- Brittney Stephens
There is always a lot to celebrate during Oscar week, but many of this year’s special occasions toasted to something in particular: a historical year for Oscar nominations by the Academy. Diversity and inclusion was front and center for celebrations throughout the week, from Alfre Woodard’s Sistahs Soiree, to Common’s pre-Oscar dinner (pictured above), to African-American publications Ebony and Essence toasting to black Hollywood at their respective fetes.
Women were also a part of the conversation. While the landmark moment for people of color was applauded, the ladies in the industry were still pushing for progress at the Women in Film’s annual cocktail reception, which sprinkled in motivational speeches from Brie Larson and Meryl Streep with the hors d’oeuvres.
Take a peek inside this year’s pre-Oscar celebratory gatherings below:
The Ultimate Oscar Party Guide 2017
Oscar’s Sistahs Soiree:
Progress, not politics, was what »
- Variety Staff
A version of this article originally appeared on ew.com.
Emma Watson loves to read.
The actress has that in common with her brainy Harry Potter character Hermione as well as bookish Belle, who she plays in the much-anticipated film Beauty and the Beast, out March 17. In addition to being a bookworm, Watson is also an outspoken feminist and as well as a Un Women Goodwill Ambassador and promoter of the organization’s HeForShe movement, which is dedicated to recruiting men into the movement for gender equality. As a response to her work with the Un, she launched the feminist »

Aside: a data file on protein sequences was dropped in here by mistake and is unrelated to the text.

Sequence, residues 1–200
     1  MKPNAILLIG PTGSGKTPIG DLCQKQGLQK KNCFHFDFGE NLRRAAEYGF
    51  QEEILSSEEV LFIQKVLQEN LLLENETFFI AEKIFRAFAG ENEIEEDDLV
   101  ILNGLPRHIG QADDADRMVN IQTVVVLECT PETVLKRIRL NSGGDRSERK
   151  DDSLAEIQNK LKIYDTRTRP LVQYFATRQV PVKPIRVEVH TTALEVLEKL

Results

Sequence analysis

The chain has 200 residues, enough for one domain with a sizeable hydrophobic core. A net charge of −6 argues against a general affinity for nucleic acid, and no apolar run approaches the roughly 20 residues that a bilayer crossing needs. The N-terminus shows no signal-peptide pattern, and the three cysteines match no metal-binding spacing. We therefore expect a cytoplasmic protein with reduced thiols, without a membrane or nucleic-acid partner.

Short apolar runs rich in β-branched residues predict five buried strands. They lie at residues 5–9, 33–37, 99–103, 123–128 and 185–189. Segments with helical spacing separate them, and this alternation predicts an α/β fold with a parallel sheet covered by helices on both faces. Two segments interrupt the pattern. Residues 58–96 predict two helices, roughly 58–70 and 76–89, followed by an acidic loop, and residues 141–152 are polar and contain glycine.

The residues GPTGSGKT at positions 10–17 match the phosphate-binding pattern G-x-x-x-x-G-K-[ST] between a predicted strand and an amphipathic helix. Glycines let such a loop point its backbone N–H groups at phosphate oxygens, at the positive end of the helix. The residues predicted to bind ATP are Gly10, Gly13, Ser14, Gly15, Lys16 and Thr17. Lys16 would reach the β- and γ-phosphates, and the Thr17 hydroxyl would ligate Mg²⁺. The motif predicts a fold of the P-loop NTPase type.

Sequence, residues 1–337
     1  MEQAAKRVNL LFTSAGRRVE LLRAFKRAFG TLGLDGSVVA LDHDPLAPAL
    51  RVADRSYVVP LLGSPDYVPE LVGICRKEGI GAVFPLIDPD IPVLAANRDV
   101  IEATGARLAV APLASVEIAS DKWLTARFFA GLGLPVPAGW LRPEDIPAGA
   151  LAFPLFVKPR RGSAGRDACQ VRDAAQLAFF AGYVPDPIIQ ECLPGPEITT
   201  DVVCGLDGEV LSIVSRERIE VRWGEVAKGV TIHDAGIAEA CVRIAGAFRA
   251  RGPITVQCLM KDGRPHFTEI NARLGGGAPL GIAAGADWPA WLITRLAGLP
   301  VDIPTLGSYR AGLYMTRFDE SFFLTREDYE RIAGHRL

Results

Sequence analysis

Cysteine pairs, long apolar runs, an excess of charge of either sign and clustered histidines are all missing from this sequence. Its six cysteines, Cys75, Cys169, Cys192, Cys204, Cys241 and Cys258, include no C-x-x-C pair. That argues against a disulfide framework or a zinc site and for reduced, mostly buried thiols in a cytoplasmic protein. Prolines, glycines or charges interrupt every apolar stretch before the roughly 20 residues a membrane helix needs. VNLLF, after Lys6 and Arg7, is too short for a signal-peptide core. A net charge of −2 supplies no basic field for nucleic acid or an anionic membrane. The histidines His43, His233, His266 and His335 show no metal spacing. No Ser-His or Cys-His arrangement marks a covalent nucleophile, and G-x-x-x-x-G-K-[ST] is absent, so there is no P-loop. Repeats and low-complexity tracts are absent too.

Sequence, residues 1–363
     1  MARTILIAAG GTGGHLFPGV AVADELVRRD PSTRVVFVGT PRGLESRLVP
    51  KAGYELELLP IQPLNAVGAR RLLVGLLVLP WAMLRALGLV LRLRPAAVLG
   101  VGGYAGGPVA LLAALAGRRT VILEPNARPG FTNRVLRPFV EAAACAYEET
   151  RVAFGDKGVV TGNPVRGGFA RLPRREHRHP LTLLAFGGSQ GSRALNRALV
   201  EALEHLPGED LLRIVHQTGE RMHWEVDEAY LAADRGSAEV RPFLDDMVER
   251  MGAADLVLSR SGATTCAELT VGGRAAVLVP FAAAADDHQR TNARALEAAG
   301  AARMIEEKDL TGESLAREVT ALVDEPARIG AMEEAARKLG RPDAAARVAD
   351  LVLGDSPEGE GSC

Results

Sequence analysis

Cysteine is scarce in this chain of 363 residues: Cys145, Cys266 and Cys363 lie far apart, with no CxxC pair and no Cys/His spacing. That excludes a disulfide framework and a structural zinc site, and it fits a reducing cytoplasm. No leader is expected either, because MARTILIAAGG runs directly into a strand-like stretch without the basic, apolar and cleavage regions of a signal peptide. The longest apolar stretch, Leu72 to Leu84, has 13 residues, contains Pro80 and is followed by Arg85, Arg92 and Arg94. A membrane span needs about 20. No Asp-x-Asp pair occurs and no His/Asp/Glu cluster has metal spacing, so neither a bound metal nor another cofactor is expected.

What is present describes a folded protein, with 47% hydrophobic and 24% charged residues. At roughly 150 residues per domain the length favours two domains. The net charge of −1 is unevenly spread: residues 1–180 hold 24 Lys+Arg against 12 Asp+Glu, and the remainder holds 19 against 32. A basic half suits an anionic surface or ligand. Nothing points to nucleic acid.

- Madeline Raynor
According to Empire, Fast & Furious star Michelle Rodriguez has joins the cast of Steve McQueen’s (12 Years a Slave) next film Widows, where she will join the previously announced Viola Davis (Fences) and Cynthia Erivo, star of Broadway’s The Color Purple musical.
Widows has been scripted by McQueen and Gillian Flynn (Gone Girl), and is based upon the British TV series created by Lynda La Plante. It follows three women who team up to complete a robbery after their husbands are killed on the job. Production is expected to get underway later this year.
Rodriguez will next be seen reprising the role of Leticia “Letty” Ortiz-Toretto in The Fate of the Furious and also lends her voice to the character of Smurfstorm in Smurfs: The Lost Village, both of which open in April. »
- Gary Collinson